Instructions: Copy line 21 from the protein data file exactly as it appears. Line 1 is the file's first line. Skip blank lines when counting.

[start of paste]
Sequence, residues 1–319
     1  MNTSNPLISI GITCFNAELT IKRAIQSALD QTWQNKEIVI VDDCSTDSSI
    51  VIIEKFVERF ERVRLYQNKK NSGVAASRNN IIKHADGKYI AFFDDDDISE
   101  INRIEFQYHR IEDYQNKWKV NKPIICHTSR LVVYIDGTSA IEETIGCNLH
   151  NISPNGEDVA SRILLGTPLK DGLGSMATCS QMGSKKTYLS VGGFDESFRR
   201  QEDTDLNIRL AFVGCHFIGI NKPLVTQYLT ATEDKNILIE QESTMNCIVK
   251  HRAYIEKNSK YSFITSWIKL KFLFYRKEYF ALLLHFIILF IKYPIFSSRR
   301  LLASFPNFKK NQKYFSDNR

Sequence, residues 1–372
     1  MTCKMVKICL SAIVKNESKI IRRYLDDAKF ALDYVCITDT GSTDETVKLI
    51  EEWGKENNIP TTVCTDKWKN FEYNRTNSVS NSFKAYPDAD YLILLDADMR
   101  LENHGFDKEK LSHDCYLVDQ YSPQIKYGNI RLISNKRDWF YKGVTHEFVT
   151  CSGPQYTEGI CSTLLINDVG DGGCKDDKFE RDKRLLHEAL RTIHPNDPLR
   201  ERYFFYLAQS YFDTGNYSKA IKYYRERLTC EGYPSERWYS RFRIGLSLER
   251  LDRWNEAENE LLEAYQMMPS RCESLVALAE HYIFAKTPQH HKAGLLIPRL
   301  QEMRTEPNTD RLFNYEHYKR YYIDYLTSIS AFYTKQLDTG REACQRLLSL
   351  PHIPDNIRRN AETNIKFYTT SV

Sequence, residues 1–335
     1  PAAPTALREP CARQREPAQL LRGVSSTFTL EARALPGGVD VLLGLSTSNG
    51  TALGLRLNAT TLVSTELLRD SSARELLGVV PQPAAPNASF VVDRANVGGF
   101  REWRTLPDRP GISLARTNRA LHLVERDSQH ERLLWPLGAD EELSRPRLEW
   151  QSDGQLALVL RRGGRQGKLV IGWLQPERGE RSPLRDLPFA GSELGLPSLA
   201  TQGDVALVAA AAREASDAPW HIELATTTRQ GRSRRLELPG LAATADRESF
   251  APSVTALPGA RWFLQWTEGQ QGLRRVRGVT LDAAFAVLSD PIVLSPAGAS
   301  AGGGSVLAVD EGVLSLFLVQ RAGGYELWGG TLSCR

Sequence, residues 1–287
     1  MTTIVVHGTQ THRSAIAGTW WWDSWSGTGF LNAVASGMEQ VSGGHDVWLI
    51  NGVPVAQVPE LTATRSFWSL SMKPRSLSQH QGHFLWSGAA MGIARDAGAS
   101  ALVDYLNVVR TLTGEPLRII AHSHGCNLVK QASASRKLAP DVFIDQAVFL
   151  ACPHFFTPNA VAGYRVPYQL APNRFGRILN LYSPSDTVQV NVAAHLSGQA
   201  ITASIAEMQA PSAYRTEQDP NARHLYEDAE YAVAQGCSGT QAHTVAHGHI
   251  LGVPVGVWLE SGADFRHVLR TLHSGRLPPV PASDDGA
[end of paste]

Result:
   101  REWRTLPDRP GISLARTNRA LHLVERDSQH ERLLWPLGAD EELSRPRLEW